NASA’s DART mission to crash into asteroid on September 26

    NASA’s Double Asteroid Redirection Test (DART) is set to crash a 500kg spacecraft into binary asteroid 65803 Didymos' moonlet Dimorphos.
    By: HT TECH
    | Updated on: Aug 11 2022, 23:57 IST
    NASA will make an attempt to re-route an asteroid on Sept. 26. 
    NASA will make an attempt to re-route an asteroid on Sept. 26.  (NASA/Johns Hopkins Applied Physics Lab)
    NASA will make an attempt to re-route an asteroid on Sept. 26. 
    NASA will make an attempt to re-route an asteroid on Sept. 26.  (NASA/Johns Hopkins Applied Physics Lab)

    NASA is all set to make an attempt to deflect an asteroid via Double Asteroid Redirection Test (DART) on September 26. The process would involve crashing a 500kg spacecraft into binary asteroid 65803 Didymos' moonlet Dimorphous to change its trajectory. Launched in November 2021, DART will deflect an asteroid by using kinetic impact. The DART is designed to smash a spacecraft into the smaller member of the binary asteroid system. It's a part of NASA's larger planetary defense strategy to safeguard Earth in case of an asteroid posing threat to earth. As per the report, DART will arrive at Didymos in September and will crash into Dimorphous at about 15,000 miles per hour. However, the asteroid system is not a threat to our planet.

    What is Didymos?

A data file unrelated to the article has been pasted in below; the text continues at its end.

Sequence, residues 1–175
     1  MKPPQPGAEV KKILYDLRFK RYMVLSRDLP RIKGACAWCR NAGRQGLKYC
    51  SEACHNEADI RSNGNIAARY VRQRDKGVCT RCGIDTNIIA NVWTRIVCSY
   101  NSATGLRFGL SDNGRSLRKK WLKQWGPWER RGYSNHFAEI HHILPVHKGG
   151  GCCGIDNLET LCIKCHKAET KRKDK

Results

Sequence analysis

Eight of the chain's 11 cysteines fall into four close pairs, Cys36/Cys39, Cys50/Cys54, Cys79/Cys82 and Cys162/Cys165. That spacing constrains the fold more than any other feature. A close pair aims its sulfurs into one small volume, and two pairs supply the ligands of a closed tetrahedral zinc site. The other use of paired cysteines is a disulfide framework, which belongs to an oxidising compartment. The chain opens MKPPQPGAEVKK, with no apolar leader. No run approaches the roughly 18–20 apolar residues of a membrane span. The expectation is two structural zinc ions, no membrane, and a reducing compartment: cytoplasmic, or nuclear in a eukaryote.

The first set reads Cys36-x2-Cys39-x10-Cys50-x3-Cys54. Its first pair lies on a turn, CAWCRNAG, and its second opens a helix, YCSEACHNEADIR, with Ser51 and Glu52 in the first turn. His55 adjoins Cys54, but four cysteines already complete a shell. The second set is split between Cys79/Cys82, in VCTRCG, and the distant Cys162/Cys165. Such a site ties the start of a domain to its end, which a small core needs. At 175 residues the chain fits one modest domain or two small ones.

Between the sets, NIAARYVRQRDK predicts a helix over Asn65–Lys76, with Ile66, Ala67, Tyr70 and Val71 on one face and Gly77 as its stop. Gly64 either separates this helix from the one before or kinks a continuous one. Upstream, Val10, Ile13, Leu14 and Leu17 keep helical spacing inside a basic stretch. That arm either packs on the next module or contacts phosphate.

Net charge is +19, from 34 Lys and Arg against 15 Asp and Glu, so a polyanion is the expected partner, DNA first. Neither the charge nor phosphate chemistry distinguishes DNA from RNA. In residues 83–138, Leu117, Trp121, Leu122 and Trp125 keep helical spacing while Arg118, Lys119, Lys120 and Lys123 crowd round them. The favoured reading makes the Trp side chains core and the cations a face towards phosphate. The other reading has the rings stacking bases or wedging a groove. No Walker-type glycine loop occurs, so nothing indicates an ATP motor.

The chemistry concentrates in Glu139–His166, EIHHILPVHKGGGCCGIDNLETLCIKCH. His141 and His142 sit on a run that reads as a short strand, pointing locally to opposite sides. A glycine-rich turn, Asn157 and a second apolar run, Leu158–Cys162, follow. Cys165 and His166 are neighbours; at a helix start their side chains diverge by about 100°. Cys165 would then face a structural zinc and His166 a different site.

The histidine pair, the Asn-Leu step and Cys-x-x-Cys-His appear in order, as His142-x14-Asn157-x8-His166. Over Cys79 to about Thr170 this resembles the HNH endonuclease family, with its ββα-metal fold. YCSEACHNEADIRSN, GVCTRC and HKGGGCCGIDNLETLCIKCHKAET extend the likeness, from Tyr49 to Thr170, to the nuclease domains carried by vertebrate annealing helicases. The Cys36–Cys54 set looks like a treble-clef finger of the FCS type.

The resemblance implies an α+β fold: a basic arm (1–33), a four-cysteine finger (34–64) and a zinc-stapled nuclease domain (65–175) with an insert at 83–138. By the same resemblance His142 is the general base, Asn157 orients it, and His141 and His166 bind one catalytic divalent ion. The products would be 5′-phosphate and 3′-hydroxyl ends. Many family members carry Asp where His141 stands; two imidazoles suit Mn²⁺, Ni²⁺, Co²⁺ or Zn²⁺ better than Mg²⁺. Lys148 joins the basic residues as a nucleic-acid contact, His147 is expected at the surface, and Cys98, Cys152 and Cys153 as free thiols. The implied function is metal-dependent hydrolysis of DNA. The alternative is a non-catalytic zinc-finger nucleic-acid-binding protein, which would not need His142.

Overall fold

According to Space.com, it's a pair of asteroids together- Didymos and Dimorphos. The latter one orbits Didymos. It rotates around its larger twin every 11 hours and 55 minutes. Didymos is a large asteroid of 2,560 feet size while Dimorphos is 525 feet. Nasa has been tracking its movement for decades and found it to be ideal for the DART mission test.

    What is Nasa's DART spacecraft?

    Launched in November 2021, Nasa's DART mission is the first-ever space probe to demonstrate asteroid deflection by a kinetic impactor. It will strike the asteroid at a speed of nearly 24,000 kilometers per hour, with an aim to slow down the asteroid slightly and change its course in another direction.

    The DART mission is built and operated by the Johns Hopkins Applied Physics Laboratory (APL), under the direction of NASA's Planetary Defense Coordination Office (PDCO).

    According to Nasa, the data from the crash will help scientists create mini-impacts in a lab and build sophisticated computer models based on these results.

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    First Published Date: 11 Aug, 23:57 IST
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